The two box Bel Canto came in for a healthy $4990 almost seven years ago, an eon in digital years. I reviewed the single box DAC2.5 DAC Controller a few years earlier and was very impressed. The 3.5 with its outstanding outboard power supply gave me a lot more of what I had enjoyed on the 2.5.  Bel Canto has transferred all its considerable digital know how into its own multi task, digital wunderkind, the ‘Black’, a three-box, do everything you’ll ever need (incl. phono and amplification) for $55,000. Crazy price, insane sound. Still the best digital I have experienced. Truly sublime.

The 3.5, even with a brilliantly designed power supply, can’t compete with the its big brother at over ten times the price, but the Bel Canto sound design shines through all John Stronczer’s products. Very neutral with all tessitura in complete balance and shaped musically. And while the imaging and soundstage are impressive on the 3.5, the Mytek’s depth and width of soundstage and incredibly accurate instrumental timbre with concomitant imaging are even more impressive. Exceptional, in fact. Vocal timbres are fantastic on both—Frank singing Willow Weep for Me is one of my tests and sounded very beautiful on both DACs. But, for a $1000 difference in price, Mytek gives you much more flexibility (to use USB on the Bel Canto, you need to add the $675 Bel Canto uLink USB Converter!), MQA and Roon support, firmware upgrades, trade ups, and is more musical and more dynamic. Add to that the exceptional imaging and soundstage and the much better digital volume control and the choice is made.

As a network streamer

I purchased an AudioQuest Cinnamon RJ/E Ethernet cable ($99) to use for the network streamer option. And, yes, I can hear a difference between my Monoprice ethernet cable and the 10 times the price Cinnamon. The streaming sound from TidalHiFi was excellent with a high degree of definition. Dynamics were mighty and then refined and sweet when called upon. But without Roon, a fanboy like me is always going to be looking for that interface. Be warned, the network card took more than a few hours to lose a slightly brighter sound than direct from USB. Listen casually for a week before you judge.  Mconnect worked just fine (go for the paid version—you’ll lose the annoying ads), but with only streaming—and with a server a rack away chock-a-block with a Terabyte of superb albums—I’d always opt for the Roon enabled server with USB and get the best of both worlds. But, if it means getting rid of one more box and you don’t mind dining out only at Tidal HiFi, then the optional network card is a very good buy.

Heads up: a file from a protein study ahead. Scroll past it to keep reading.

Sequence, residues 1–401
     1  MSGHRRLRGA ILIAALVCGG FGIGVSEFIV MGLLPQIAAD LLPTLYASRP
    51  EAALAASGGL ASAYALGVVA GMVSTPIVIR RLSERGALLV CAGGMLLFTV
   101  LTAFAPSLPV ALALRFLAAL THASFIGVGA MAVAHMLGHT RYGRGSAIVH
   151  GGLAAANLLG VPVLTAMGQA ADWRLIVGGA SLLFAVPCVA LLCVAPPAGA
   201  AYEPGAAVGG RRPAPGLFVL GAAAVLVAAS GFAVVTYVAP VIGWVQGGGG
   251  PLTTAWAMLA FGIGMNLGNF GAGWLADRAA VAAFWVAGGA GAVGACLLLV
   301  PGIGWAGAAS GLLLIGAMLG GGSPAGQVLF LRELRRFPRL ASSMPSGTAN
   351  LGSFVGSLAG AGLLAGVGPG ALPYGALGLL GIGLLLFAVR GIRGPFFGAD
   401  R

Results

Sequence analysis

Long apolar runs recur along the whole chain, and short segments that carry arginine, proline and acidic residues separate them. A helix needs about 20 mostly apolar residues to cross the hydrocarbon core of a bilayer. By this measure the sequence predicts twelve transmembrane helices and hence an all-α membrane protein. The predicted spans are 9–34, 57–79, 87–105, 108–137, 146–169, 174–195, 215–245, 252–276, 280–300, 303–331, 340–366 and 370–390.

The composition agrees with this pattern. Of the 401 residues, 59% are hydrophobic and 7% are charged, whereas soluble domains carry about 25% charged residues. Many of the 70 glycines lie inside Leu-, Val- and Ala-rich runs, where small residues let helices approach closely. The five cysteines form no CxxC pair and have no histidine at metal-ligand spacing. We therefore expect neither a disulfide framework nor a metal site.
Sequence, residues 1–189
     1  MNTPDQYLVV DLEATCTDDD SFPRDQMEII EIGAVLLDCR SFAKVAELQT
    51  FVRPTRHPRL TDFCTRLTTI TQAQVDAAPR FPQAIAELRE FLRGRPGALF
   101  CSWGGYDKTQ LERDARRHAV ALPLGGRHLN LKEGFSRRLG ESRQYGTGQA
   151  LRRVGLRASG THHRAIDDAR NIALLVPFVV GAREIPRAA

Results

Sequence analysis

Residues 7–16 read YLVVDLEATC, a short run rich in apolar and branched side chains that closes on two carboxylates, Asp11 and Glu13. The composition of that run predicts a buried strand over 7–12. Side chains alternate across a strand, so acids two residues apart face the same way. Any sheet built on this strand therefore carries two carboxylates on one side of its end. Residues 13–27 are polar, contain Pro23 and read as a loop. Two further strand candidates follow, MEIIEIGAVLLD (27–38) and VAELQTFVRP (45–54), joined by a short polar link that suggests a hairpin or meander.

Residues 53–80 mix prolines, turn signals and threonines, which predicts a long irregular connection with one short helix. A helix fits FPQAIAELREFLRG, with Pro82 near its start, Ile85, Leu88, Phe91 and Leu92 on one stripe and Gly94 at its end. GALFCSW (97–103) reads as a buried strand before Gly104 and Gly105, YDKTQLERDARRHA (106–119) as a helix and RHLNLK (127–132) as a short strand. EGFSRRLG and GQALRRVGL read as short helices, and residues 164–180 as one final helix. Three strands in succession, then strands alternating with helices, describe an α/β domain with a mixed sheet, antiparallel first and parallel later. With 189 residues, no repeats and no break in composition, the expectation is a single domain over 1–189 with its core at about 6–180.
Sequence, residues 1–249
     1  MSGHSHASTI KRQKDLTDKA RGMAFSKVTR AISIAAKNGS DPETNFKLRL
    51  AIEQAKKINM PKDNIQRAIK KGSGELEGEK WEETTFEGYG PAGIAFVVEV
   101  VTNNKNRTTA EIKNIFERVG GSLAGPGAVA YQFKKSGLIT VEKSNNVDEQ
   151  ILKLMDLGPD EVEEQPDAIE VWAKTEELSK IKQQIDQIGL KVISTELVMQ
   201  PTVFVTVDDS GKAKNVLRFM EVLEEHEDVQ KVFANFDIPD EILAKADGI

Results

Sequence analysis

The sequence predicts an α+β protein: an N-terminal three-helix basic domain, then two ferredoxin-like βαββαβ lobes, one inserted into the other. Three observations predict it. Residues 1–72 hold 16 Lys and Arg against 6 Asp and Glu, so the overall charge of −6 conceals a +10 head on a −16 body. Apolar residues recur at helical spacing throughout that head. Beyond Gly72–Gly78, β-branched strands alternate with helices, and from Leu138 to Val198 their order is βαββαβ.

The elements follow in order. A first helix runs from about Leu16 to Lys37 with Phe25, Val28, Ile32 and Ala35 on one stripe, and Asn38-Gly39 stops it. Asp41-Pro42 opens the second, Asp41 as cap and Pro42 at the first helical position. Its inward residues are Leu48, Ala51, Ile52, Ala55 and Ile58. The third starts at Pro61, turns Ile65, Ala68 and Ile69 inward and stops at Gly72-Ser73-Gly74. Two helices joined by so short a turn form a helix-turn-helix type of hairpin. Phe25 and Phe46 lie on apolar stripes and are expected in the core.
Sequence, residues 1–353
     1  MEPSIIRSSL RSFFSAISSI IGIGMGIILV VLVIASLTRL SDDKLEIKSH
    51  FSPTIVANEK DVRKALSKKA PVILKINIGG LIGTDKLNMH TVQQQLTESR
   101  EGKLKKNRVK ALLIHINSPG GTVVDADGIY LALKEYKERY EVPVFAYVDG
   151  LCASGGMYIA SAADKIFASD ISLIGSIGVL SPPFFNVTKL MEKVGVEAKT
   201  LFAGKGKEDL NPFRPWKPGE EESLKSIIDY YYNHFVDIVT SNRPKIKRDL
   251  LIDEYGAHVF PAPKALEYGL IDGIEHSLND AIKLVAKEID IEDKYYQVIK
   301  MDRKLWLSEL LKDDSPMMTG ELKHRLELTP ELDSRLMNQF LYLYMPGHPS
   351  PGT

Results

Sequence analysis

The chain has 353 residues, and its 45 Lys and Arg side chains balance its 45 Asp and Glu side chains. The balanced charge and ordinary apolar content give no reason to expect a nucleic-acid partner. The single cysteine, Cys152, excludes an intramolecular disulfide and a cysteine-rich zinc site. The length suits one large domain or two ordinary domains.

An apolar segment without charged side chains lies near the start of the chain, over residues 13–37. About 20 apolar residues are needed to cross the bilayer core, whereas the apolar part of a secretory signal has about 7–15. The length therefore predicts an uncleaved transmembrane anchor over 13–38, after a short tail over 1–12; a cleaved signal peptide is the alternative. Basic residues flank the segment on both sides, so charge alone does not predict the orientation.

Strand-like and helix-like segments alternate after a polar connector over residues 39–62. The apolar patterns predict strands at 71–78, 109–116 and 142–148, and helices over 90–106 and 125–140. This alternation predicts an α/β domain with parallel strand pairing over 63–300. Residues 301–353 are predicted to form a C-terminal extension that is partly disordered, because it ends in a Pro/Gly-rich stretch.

I have read the Manhattan II’s optional phono card is very competitive and the headphone amplifier is a revelation for those who use headphones. It wouldn’t surprise me, knowing Jurewicz’s design prowess. It also doesn’t surprise me that he has designed a superb volume control for both the digital and analog domain. Your choice, or bypass them completely, and it’s potentiometer heaven. The network card is also a very viable downsize option if you dig streaming above all.

But it’s the conversion and myriad of settings that’s the star turn. And why I would purchase it. The 55K Black is out of reach for most, but the Mytek Manhattan DAC II, ten times cheaper, gives you much of what Black delivers.

There are a lot of DACs at this price for you to audition. I’ve heard 25K DACs that made me want to run for the exit. There are some very good cheaper models on the market, including a very fine one from Mytek. But $5999 will get you Jurewicz’s very best digital. If you are in the market, I suggest you buy one and immediately cue up the Dudamel/Strauss/MQA file and allow the DAC’s exceptional design to transport you to a musical place that I’ve found rare in the digital world. Very highly recommended.

Further information: Mytek HiFi